To Be, Or Not To Be – A Question of Identity

I just got back from a talk by a PhD student at Swansea University. She was talking on the subject of Uighurs (pronounced wee-gers—finally I learn how to pronounce it!), and their subjugation in China. They are not officially acknowledged by the Chinese government. (Although the People’s Republic of China (PRC) does not recognize ethnicity, as a rule.)

It was fascinating because a lot of the thesis, although it was principally concerned with abstract concepts of ‘securitization theory‘ (the point of which, frankly, I have never really understood), was concerned with the notion of Chinese Uighur identity. The thesis is particularly interested in the representations of identity within the diaspora. It is apparently difficult to establish a true identity for Uighurs. They define themselves mostly by what they are not, as opposed to what they are.

In the Q&A after the talk, the point was raised about the importance of a collected history in establishing an identity. Apparently, throughout Chinese history, the dynasties have, as a matter of course, destroyed the historical documents of the previous dynasty, and rewritten the history to place the current dynasty in the best possible light. This means that there is very little written history in existence about ancient China.

The Uighur have little to draw on in terms of history, then. So I made the point that, Uighurs defining themselves by what they are not, rather than what they are, is similar to the American approach to identity formation. There are few defining characteristics of American people. The culture might be defined in grandiose terms with words like freedom, equality, opportunity. (“Liberté, égalité, fraternité,” anyone?) But ask an American what an American is and, in my experience at least, you are likely to get something diametric.

    In the early twentieth century, it was American not Bolshevik.
    In the 1910s-1920s it was American not ‘European’ (later refined to not German (more precisely ‘the Hun’)).
    In the 1930s and early 1940s, it was American not Communist.

And so on.

Now, you’re American not a terrorist.

So Americans and Uighurs have little collective history from which to draw their identities. A Norwegian in the group pointed out that Norwegian identity was very much based on the Vikings, and Valhalla. I added something about British identity being loosely concerned with the Tudors and such. Point being, by and large, European cultures and societies have deeply rooted and strong identities, formed out of a sense of being; as opposed to non-being.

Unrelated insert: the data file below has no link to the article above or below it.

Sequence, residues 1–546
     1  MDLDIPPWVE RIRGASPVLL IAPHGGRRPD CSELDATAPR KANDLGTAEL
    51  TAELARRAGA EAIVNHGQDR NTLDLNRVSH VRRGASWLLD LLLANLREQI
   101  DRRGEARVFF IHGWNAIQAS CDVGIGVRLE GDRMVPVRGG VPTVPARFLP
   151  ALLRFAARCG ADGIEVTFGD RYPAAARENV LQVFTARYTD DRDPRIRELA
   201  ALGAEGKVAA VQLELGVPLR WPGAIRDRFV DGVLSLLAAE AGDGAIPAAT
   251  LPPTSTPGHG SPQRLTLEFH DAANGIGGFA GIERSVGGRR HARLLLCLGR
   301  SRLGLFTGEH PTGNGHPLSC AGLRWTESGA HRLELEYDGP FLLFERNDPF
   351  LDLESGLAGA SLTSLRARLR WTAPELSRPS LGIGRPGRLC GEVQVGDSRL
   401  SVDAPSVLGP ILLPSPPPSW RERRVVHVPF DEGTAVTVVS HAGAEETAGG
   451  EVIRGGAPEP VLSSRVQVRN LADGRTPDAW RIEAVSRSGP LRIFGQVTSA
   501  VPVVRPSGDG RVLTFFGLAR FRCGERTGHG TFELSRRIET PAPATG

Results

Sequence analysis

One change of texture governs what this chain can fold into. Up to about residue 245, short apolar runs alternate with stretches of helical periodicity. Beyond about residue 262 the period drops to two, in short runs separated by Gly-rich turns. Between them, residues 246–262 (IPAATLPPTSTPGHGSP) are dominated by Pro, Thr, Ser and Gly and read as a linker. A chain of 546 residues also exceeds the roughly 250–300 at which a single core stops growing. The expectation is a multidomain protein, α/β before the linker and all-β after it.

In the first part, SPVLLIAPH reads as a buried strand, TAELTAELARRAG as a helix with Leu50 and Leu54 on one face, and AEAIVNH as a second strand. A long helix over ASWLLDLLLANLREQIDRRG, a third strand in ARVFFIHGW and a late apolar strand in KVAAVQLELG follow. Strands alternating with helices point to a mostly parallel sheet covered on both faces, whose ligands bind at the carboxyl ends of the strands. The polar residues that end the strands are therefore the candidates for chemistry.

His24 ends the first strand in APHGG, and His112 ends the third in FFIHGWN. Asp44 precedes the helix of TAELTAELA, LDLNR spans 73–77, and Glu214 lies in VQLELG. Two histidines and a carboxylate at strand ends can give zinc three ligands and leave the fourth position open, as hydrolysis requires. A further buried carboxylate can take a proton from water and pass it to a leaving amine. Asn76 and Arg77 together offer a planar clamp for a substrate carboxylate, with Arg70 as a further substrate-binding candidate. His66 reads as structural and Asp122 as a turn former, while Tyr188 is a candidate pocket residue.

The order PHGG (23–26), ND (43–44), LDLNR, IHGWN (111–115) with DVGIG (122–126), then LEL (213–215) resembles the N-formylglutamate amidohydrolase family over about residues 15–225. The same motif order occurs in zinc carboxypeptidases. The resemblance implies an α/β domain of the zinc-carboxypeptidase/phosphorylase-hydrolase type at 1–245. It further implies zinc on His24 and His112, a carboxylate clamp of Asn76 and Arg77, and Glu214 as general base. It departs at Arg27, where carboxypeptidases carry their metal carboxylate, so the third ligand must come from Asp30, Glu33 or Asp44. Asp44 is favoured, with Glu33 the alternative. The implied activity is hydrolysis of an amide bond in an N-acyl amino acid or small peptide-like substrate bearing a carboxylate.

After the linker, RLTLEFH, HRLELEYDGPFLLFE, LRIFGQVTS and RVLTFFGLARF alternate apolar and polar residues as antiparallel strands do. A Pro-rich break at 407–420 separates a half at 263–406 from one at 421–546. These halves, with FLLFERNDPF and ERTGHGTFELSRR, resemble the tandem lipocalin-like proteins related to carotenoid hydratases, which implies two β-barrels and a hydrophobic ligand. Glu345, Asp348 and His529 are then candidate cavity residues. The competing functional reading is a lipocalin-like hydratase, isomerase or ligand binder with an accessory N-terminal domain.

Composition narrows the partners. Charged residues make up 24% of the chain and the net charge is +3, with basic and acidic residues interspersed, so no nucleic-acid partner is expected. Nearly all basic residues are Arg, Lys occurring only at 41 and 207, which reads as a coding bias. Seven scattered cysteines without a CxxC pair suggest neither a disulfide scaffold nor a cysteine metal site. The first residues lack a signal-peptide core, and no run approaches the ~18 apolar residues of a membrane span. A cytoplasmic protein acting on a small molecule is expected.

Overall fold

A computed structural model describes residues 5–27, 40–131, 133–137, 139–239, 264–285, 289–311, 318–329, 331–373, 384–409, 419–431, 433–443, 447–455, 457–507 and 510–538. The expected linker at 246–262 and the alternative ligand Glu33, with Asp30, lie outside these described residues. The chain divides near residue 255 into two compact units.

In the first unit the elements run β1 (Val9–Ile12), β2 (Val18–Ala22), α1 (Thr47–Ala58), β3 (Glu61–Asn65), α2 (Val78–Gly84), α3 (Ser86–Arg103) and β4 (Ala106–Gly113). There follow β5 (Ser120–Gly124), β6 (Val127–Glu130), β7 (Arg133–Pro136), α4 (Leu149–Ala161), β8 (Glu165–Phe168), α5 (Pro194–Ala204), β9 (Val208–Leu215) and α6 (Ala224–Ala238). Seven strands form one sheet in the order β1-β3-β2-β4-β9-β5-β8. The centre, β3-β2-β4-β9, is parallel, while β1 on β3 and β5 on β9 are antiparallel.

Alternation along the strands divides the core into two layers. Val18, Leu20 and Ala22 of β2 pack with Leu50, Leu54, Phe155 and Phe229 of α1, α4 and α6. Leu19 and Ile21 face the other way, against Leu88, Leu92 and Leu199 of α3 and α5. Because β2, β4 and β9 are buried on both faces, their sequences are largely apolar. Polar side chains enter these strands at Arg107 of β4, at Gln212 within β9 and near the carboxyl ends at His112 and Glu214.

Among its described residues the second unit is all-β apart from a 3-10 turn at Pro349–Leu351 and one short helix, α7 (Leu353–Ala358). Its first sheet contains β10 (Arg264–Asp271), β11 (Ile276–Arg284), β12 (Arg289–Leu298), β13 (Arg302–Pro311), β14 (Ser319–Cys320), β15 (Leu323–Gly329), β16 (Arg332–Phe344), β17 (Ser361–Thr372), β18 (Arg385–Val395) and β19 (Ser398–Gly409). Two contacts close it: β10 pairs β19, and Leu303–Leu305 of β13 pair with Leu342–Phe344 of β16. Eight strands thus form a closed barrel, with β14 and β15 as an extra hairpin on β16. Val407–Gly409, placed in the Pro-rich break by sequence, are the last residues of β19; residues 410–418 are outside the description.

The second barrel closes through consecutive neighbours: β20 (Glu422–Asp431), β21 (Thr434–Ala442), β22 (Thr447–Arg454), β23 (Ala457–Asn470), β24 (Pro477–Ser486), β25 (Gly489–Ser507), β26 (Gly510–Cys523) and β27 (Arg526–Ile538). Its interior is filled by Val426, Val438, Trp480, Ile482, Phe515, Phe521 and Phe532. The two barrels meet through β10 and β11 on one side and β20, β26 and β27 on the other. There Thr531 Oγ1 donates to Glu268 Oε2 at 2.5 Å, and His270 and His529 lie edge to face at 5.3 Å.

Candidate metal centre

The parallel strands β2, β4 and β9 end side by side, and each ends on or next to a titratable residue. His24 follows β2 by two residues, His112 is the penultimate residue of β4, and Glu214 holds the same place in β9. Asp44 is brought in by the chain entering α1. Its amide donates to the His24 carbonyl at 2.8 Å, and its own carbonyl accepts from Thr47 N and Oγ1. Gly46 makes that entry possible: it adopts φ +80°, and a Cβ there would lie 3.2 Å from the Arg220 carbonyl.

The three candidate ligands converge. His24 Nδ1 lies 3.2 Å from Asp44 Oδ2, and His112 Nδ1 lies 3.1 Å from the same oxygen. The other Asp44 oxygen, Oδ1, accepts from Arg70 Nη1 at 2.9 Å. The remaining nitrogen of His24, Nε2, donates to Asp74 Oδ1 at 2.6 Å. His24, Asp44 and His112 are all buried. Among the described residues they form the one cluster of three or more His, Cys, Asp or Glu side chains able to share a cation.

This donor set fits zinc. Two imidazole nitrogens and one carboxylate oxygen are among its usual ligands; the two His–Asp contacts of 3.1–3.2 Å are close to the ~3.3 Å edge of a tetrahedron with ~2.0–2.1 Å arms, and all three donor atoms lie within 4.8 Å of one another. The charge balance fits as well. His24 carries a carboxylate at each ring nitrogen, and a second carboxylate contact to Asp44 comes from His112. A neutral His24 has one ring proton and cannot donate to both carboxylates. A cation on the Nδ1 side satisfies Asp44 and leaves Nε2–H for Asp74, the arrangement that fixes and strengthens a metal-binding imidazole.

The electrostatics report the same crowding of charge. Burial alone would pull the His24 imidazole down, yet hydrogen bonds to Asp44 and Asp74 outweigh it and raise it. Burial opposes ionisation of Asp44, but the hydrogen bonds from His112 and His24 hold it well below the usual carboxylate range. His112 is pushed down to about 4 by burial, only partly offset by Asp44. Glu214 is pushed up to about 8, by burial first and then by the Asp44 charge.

A Little Orientalism

The Uighurs have staged four major protests in recent years. One in 1990, and three more recently still. The first three were not covered by Western media, because the Chinese banned reportage. The most recent protest, in 2009, was the first that Western journalist were allowed to cover.

However, the event was stage-managed. The journalists were shepherded from a hotel, onto a bus, and were being taken to the ‘site’ of the protests. What happened next was that “a group of 100 or so Uighurs came round the corner” and a picture was taken. This picture:

Image from HaoHaoReport.com

This was held up by Western media as representative of the ‘type’ of people protesting—i.e. “Muslims”. (The Uighurs are predominantly Muslim. In fact that is one of their key ‘outward’ defining traits, which is to say: a trait that is not reliant on others.)

The speaker suggested, however, that in her discussions with Uighurs, both ex-pats in the diaspora, and officials in the region, that another picture represented, to the Uighur themselves, the ‘type’ of people in the protest. That was this picture:

Image from The Jakarta Post

This picture clearly shows a young woman who, from her dress, one would be hard pressed not to consider ‘Western’. And this is the picture with which the Uighur predominantly tend to relate. To me, as a student of Afghanistan, and learning more about Pashtunwali, some of the precepts of which are entirely alien to Western thought, I was struck by the West’s continuing inability to assess the feelings of other nations.

Perhaps that’s going to come across as a little harsh on “the West” (check me out, getting all Sam Huntington up in here (and a little Gsgbf over there!)). What I mean is, it’s difficult to envision a wider ‘spreading of democracy’ when ‘we’ get simple things like the portrayal of the people of other nations so wrong. In this instance, the Uighur woman in the first picture does little more than perpetuate stereotypes (or worse, create false ideas) about foreign groups, which Outsiders then carry forward. Really, the picture we should be painting is one of the progressiveness of the young Uighur woman. Someone who represents to the Uighur a collective identity, which is something they have been denied by history. In the words of one Uighur official, “Save our Identity.”